Taking my date to a fertility party…with snakes

Love comes in all forms, and in San Francisco, you’ll encounter love and relationship rituals you never imagined possible. Writer Anna Pulley shares a story about a fertility party she covered as a reporter (which might also be why she isn’t allowed to plan dates any more).

She is the author of The Lesbian Sex Haiku Book (with Cats!), which Cheryl Strayed called a “must-read,” Tegan and Sara said was “an adorable and hilarious way to start the day,” and Jennifer Tilly said was “thoroughly charming.”

You can find her sex and relationship advice column on her blog, as well as in weekly advice columns for The Chicago Tribune’s RedEye and (formerly) AfterEllen. Anna also holds the distinction of being in the first Muni Haiku battle in Clarion Alley.

Listen to Anna’s story here:
iTunes
Google Play
Download

p.s. As fertility ritual parties go, you might not want to listen to this episode with your kids, or just be prepared to do lots of explaining!

Got your own very-SF strange and wonderful ritual to report? San Francisco Diaries is looking for your personal stories about what it means to live here, and what makes our city “so San Francisco.” Tag us on Facebook, Instagram, or Twitter. Our email inbox is always open.

San Francisco Diaries: How I met the pigeon version of me

Being an adult isn’t easy, especially when you live in San Francisco where “everyone is perpetually in their late-twenties to mid-thirties.” So when you end up in San Francisco alone when you’re 22, you do what anyone would do: go wild and make age-22 type of mistakes.

“Looking back now, it’s a miracle I didn’t die. I got in a lot of shady situations. I lost my beloved leather jacket. I left my Blackberry in a cab. In recovery, they say you have to hit rock bottom before you can get better. But my rock bottom just kept getting lower and lower. I drunkenly ran through the surf on Ocean Beach at 1 a.m. and almost got swept out to sea. I hooked up with a Santa Con Santa on the back patio of Mad Dog in the Fog. I was 22 and alone and nobody was around to stop me so I kept going and kept pushing the limits of what I could get away with and still live.”

Today’s story is from Vivian Ho, who you may remember was the criminal justice reporter at The San Francisco Chronicle from 2011 through 2017. She’s reported on the Mario Woods shooting, the San Francisco Police Department, wildfires, and she recently published an incredible investigative piece called “A Life on the Line.”

She’s seen a lot of San Francisco, from the incredibly serious and life-and-death moments to the more quirky and offbeat happenings around town. This story falls under the more quirky side of the spectrum—and we’ve never felt more spiritually connected to the cooing pigeons on our fire escapes.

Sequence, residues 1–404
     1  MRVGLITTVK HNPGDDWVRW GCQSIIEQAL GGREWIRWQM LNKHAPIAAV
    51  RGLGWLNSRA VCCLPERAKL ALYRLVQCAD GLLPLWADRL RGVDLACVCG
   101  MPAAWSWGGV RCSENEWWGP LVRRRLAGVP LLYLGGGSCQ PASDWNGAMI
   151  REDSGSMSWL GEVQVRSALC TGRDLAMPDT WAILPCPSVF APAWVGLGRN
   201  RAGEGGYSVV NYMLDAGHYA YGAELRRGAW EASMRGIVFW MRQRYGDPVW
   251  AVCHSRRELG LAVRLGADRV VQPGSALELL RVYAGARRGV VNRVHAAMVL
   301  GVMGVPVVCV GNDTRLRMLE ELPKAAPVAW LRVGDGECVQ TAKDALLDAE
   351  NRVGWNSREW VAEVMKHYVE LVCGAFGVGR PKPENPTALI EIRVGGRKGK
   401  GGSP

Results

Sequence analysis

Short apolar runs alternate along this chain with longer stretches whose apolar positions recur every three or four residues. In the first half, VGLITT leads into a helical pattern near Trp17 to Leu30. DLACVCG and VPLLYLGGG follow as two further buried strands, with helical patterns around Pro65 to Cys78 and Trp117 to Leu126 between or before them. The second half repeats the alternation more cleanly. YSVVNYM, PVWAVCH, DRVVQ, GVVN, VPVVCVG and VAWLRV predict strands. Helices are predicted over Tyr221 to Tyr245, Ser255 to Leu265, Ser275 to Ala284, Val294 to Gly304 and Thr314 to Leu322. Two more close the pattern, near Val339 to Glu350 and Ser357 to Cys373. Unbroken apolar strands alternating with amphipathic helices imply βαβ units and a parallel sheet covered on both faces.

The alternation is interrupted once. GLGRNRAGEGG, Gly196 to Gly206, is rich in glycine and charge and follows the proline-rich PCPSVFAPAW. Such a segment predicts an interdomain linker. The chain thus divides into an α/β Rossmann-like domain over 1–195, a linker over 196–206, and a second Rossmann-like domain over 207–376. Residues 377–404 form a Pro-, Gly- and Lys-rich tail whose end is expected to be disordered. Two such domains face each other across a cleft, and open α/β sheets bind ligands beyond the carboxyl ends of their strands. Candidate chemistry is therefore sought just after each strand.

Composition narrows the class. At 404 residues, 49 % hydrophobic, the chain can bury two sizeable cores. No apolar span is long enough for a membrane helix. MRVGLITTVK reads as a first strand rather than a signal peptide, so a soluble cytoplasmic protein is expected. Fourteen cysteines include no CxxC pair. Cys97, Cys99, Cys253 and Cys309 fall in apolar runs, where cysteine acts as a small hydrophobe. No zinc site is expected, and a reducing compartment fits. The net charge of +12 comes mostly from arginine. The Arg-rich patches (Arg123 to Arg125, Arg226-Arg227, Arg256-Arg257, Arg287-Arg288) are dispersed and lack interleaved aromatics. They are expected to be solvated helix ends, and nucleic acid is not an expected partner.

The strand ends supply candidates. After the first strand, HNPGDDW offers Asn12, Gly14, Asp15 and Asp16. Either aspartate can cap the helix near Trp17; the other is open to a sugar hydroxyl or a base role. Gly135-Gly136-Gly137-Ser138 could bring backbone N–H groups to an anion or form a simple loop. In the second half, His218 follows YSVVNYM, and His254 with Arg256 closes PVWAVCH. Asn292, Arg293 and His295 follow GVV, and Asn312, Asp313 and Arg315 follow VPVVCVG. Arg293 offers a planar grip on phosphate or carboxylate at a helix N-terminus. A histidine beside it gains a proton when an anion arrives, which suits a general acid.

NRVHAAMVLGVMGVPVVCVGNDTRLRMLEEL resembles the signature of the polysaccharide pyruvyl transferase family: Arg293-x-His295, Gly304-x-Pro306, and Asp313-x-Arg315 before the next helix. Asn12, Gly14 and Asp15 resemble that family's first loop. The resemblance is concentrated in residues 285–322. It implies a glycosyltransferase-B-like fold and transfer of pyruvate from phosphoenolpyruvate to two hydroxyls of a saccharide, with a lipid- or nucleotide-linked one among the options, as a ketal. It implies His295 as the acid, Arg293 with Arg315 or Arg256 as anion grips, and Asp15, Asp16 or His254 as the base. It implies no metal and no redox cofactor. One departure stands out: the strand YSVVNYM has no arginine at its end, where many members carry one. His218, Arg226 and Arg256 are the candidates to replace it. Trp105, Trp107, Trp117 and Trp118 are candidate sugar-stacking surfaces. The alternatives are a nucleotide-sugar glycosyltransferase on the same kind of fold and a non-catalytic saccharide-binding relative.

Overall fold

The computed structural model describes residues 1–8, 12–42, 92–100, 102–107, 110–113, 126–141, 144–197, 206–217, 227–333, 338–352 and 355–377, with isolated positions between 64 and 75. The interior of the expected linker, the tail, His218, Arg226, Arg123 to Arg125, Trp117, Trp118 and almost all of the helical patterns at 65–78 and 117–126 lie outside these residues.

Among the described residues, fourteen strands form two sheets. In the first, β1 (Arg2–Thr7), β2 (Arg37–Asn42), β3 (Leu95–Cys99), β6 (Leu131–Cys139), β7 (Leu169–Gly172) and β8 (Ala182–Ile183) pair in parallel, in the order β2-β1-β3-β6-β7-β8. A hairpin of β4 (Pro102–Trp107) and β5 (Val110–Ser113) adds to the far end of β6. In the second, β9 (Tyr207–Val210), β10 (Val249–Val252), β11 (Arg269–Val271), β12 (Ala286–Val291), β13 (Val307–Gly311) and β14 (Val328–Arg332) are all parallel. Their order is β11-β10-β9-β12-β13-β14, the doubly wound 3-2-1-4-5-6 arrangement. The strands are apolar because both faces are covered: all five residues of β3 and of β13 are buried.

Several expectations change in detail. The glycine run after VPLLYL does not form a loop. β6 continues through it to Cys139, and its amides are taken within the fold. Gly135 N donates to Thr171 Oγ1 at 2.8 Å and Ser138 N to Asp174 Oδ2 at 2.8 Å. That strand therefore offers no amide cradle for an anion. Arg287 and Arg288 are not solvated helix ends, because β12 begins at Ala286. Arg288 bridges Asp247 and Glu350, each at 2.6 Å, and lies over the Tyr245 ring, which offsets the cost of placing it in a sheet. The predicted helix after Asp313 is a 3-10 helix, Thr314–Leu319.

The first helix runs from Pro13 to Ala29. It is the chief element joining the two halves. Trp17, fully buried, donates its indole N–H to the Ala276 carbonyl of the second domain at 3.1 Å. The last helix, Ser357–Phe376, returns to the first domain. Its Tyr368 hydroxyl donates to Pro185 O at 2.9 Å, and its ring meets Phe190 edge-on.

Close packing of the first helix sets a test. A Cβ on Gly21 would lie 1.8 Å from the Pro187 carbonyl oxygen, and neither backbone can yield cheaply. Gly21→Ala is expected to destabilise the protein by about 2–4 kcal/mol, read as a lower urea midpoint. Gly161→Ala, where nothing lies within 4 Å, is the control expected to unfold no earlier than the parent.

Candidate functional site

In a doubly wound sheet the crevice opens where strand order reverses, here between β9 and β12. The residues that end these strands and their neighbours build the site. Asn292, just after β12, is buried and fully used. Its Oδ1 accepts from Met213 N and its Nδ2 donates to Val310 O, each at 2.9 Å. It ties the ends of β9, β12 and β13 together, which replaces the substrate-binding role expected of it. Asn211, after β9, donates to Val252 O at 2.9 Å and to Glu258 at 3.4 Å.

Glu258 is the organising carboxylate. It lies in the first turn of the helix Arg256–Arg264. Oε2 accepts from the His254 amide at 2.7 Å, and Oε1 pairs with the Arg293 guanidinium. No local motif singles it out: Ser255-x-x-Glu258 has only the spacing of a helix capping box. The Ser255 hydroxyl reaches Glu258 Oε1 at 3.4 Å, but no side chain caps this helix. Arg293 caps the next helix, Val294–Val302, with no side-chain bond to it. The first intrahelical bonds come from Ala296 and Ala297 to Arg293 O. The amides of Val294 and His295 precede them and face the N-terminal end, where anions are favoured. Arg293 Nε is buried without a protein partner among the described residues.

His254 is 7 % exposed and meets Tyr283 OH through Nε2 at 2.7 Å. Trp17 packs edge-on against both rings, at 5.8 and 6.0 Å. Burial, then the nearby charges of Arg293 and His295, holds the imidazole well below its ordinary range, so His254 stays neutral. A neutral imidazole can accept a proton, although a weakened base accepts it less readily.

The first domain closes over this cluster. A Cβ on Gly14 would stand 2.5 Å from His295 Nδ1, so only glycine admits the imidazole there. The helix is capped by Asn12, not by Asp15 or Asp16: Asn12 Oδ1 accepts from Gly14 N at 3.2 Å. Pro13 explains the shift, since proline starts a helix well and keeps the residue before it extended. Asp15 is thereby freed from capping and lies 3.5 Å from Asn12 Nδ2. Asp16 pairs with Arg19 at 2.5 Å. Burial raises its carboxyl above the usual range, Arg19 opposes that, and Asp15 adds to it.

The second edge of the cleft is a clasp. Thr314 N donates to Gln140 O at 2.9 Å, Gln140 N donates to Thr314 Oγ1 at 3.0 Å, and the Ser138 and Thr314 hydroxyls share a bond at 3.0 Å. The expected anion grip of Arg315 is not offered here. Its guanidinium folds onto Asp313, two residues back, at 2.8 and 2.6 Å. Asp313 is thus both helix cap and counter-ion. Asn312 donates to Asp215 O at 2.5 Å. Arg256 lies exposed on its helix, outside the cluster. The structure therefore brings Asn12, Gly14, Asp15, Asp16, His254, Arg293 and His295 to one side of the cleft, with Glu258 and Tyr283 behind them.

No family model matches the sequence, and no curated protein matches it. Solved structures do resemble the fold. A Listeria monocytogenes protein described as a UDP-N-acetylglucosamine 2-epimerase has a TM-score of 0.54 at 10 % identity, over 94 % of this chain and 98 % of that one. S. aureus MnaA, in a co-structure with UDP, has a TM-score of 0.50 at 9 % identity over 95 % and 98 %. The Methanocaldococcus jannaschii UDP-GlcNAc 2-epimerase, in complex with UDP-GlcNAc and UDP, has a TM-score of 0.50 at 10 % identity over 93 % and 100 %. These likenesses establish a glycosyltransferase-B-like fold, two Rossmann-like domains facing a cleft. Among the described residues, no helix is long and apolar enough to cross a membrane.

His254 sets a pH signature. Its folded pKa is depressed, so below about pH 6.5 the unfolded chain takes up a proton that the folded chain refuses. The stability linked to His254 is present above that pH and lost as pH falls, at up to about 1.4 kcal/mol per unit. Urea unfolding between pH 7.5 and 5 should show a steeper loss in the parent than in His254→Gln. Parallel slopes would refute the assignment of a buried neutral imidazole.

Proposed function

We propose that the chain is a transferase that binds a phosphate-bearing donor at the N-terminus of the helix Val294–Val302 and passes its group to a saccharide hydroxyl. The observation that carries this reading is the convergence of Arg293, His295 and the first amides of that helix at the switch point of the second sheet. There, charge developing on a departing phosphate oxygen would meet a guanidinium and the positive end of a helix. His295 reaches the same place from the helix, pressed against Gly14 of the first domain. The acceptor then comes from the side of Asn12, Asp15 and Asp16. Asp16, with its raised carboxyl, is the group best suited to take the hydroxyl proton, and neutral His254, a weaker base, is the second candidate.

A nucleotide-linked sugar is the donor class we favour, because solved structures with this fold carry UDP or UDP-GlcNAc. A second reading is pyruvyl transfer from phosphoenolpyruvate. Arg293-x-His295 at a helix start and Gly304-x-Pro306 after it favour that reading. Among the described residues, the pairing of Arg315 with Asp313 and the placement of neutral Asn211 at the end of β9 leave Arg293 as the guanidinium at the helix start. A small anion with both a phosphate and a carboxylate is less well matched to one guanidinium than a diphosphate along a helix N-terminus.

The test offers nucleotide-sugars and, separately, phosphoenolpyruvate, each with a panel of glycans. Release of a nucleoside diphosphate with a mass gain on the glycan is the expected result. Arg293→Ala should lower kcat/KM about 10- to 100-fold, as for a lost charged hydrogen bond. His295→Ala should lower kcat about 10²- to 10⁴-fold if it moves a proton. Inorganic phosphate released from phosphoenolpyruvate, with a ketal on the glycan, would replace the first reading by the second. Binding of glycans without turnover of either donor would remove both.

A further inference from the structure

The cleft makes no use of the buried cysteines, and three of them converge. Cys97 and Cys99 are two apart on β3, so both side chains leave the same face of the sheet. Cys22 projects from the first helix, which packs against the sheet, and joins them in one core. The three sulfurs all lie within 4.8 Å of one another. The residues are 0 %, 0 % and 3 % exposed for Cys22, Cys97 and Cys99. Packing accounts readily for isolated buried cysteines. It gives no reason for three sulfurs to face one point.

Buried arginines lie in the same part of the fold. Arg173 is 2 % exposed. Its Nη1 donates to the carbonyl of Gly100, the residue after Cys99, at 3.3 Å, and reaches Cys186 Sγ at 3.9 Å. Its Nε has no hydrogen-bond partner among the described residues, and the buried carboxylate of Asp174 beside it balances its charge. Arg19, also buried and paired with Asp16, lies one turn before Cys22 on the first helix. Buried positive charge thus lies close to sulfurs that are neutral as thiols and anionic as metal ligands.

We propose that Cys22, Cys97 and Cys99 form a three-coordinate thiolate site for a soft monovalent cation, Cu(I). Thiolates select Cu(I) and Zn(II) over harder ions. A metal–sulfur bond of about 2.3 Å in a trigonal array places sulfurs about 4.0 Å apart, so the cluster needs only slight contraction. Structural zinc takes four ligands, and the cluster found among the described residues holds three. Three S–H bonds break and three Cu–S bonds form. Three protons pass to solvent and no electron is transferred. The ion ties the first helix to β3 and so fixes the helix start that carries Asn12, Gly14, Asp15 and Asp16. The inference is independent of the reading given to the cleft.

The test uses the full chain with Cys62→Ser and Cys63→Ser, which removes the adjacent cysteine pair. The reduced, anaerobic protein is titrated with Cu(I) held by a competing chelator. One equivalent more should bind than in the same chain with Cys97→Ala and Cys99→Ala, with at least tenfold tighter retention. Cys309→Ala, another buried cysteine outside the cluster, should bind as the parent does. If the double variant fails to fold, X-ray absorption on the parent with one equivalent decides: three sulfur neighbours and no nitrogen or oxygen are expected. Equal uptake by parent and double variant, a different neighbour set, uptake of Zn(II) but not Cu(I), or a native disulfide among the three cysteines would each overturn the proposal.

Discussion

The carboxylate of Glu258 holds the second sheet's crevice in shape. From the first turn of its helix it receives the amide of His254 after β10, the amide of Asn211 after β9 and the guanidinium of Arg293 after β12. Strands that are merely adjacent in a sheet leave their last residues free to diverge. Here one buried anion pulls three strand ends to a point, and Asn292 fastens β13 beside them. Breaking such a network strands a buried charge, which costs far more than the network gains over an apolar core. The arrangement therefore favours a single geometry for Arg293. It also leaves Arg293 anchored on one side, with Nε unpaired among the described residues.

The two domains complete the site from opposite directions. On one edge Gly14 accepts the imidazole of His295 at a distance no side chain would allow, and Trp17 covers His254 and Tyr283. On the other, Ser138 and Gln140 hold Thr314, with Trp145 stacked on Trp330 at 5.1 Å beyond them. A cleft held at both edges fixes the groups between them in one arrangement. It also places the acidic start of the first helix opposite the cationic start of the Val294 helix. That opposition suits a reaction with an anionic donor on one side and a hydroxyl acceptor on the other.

Listen to her story here:

iTunes
Google
Download

Special thanks to Vivian for sending over the first photo she’s ever taken with Drew, before the pigeons came into their lives.

You too can add an entry to our collective journal. San Francisco Diaries is looking for your personal stories about what it means to live here, and what makes our city “so San Francisco.” Tag us on Facebook, Instagram, or Twitter. Our email inbox is always open!

Read more

Sweet goodbye letter from Red Door Cafe

When Red Door Cafe first took over another coffee shop in my neighborhood, I hadn’t realized the owner had changed. One day I walked in and saw that the soup of the day was called, “Egyptian Viagra.” I asked the guy behind the counter what it was. He said, with a wink, “Me!”

It turned out his name is Ahmed and he was the new owner. Over the next few months I realized he was going to make our block magical. Soon people would line up out the door for his breakfast plates (which almost always featured a paper umbrella).

While you waited in line, instead of numbers, he handed you dilapidated doll parts and broken teddy bears so every weekend morning I’d see a line of hungry people holding broken dolls, kind of like a zombie apocalypse.

I’d see him with a different outfit everyday: one day he’s wearing a tutu (he has better legs than anyone I know), another day he’s wearing bright green terry cloth hot shorts. He was always bantering with the line of people waiting on the sidewalk, while playing disco and dance music all morning long.

He would post all kinds of sassy signs at the door: “No egg white yuppies.” “Don’t wear sunglasses or drink Starbucks coffee while you wait in line for my food. I want to see your eyes and I sell coffee.” Every day when I passed by Red Door Cafe I’d always look in the window to see what new missive might have been posted this week.